Magic only happens when there’s an audience there to see it.
“It’s kind of like light,” said Andrew Pinard, whose show, “Andrew Pinard: Discovering Magic,” makes at least three return appearances at Red River Theatres, the next on April 9. “You can’t see light; you can only see how light affects other things. Magic is the same way.”
But not just any audience will do; the best audience is one that’s engaged, both emotionally and psychologically.
“Discovering Magic” is currently in its second series of showings at Red River after a very successful fall season. Most events are organized around themes like lying, fate, coincidence, chaos and memory, but Pinard says his productions are not so much about the tricks as they are about the shared experience.
“Since Sept. 11, lots of people talk about the shared experience. It’s something we all have in common and we all share. It becomes our story as opposed to a story. I see myself as the catalyst of this story, but I’m one of the characters, and the audience is another,” Pinard said.
Though he’s certainly got the tricks, too — he estimates he could sit down and perform new tricks nonstop for 10 hours — he tries to encapsulate a deeper meaning in each show.
“I’m trying to share something with the audience that’s not just a ‘Tada!’ experience, but more of a, ‘Why did he do that? Why can I experience this? And what else am I missing?’” Pinard said. “If an audience spends all that time wondering how I did that, if that’s all I’m giving them, I feel like I’ve failed.”
Because magic, he says, isn’t about the secrets. Knowing how something works isn’t always the best thing — he compares it to knowing how sausage is made.
Rather, Pinard tries to create a program in “Discovering Magic” that challenges the way we see the world. Psychologically, Pinard is acutely aware of how the brain can be tricked, as he’s constantly reading books about cognitive psychology and neuroscience. Children have a more open mind, but adults often see things with a narrower vision. Magic, he said, takes advantage of that narrowed vision and those preconceptions.
“We don’t perceive everything. If you did, you’d become overwhelmed with details. But in order to have magic work, you need to have a refined sense of the world around you.”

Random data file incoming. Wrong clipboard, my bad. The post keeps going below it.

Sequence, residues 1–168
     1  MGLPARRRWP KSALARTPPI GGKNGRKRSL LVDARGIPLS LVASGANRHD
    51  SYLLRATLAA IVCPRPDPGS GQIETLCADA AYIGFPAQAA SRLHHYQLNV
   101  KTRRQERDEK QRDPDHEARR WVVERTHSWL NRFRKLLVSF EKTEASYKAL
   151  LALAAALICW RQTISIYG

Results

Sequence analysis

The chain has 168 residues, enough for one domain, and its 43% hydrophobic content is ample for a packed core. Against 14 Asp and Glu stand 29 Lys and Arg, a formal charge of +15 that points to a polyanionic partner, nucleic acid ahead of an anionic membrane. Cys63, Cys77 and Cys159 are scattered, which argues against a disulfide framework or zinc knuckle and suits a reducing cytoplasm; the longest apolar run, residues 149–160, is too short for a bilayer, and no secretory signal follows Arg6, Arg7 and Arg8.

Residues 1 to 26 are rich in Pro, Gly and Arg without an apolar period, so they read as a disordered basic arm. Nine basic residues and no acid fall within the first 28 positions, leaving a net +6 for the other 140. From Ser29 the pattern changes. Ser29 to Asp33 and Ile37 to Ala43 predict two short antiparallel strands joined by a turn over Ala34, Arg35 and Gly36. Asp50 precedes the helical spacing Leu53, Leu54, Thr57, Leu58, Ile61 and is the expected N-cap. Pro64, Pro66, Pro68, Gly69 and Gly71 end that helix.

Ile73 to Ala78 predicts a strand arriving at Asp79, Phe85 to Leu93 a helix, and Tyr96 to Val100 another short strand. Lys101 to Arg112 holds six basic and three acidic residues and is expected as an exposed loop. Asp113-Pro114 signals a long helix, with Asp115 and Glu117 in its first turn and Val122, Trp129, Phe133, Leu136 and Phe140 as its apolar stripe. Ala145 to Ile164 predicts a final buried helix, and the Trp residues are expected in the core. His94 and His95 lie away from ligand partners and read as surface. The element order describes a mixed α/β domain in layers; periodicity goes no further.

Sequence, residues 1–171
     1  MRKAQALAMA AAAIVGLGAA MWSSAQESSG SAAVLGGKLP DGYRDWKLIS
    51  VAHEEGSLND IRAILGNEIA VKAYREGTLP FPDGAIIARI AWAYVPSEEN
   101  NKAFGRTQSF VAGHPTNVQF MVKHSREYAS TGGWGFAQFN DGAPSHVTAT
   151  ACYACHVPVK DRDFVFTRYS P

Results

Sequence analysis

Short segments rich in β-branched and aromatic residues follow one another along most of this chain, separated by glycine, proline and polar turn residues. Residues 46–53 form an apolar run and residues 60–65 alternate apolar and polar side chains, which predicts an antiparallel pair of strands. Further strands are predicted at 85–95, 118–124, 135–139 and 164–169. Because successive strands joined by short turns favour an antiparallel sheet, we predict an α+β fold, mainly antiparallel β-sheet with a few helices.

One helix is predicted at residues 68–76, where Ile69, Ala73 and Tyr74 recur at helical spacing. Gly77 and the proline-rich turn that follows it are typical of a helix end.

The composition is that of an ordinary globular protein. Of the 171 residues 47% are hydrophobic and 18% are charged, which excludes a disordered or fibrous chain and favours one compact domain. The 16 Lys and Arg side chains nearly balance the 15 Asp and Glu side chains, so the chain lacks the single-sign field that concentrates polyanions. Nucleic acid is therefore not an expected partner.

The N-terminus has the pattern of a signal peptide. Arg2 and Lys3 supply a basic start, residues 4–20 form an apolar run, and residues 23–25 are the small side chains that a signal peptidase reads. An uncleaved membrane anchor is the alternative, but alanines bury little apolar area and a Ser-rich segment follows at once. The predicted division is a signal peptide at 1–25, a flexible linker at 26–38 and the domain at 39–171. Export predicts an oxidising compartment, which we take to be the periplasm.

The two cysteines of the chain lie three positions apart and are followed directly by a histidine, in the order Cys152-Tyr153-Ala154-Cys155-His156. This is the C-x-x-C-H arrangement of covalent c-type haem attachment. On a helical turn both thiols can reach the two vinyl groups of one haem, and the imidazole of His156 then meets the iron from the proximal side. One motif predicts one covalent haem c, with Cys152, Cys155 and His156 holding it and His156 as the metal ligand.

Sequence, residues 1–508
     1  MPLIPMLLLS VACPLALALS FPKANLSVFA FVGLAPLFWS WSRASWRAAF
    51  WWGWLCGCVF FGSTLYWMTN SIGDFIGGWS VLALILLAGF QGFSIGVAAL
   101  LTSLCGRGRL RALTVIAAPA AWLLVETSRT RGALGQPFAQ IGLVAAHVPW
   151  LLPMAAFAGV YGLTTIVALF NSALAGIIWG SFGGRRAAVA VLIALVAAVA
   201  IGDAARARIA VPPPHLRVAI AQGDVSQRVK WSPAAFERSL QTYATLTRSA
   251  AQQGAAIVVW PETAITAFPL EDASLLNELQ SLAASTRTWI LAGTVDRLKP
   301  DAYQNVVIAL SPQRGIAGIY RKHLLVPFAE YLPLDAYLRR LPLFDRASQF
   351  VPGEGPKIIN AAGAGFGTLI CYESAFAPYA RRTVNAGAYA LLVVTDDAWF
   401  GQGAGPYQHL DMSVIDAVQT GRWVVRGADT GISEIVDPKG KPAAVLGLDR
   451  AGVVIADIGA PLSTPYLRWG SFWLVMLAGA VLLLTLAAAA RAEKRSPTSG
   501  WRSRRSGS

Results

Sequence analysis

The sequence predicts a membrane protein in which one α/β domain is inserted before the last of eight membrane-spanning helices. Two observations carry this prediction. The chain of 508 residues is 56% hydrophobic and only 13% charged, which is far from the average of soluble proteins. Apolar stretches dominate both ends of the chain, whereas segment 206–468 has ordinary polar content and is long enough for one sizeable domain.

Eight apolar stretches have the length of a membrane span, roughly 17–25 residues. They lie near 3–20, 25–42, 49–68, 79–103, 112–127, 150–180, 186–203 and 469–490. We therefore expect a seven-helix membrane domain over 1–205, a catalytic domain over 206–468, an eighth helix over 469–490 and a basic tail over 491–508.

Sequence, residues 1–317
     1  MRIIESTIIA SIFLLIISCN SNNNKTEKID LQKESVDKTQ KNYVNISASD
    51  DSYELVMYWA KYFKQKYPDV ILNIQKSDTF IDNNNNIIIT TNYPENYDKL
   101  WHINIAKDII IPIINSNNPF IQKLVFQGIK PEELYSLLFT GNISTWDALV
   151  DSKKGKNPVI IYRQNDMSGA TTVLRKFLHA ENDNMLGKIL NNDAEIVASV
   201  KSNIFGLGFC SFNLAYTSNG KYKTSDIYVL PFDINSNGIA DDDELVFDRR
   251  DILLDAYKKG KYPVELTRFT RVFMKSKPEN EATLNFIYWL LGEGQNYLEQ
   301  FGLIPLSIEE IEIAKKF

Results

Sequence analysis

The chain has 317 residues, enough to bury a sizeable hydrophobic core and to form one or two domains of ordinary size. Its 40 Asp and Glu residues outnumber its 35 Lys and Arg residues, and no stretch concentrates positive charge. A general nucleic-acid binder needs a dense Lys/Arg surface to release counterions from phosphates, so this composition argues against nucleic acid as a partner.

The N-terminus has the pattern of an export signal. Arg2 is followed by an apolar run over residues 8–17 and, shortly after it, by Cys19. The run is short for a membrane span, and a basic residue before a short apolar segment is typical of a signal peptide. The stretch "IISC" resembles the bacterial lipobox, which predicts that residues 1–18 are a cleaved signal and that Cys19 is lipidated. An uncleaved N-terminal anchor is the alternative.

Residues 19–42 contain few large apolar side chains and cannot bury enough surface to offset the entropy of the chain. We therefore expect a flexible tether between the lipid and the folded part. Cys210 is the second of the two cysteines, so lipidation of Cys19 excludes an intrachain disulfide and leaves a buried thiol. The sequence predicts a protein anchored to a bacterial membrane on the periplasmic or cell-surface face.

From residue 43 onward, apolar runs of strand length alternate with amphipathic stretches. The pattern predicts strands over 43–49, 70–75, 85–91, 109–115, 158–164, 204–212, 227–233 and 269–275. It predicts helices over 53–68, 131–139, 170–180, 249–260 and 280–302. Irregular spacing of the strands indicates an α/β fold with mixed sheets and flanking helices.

Pinard has had lots of practice in drawing engaged audience members into his magic shows. A native of Pembroke, Pinard gave his first magic performance in second grade. But he soon drifted into other interests, like music and theater. It wasn’t until he was out of college that he delved into the art again. He was teaching theater at the time, and his girlfriend (now wife) bought him a book about magic.
“For two years, I was pretty obsessively devouring everything I could about magic, how it worked and how it dovetailed with things I was doing in the theater world,” Pinard said. (He’s also worked as a consultant for many regional theater companies, like the Winnepesaukee Playhouse, the American Stage Festival, the Hampton Playhouse, the Nashua Actorsingers and the Kearsarge Arts Theatre Company; he was nominated for a NH Theatre Award for lighting design for Kearsarge Arts Theatre’s Godspell.)
He’s since traveled across the globe to perform his magic and took top honors in the 18th Annual New England Magic Competition, according to his website. But still, after 25 years of being a full-time performer, he’s adamant about making every show different. Recent productions have taken material from legendary historic magicians like Jonathan Harrington and John Ramsay to pay homage to these influences and also to provide a bit of history for audiences.
“It’s fascinating to me how you can perform magic that’s 500 years old and have the same strong reactions from today’s audiences as you would back then,” Pinard said.
As seen in the April 3, 2014 issue of The Hippo.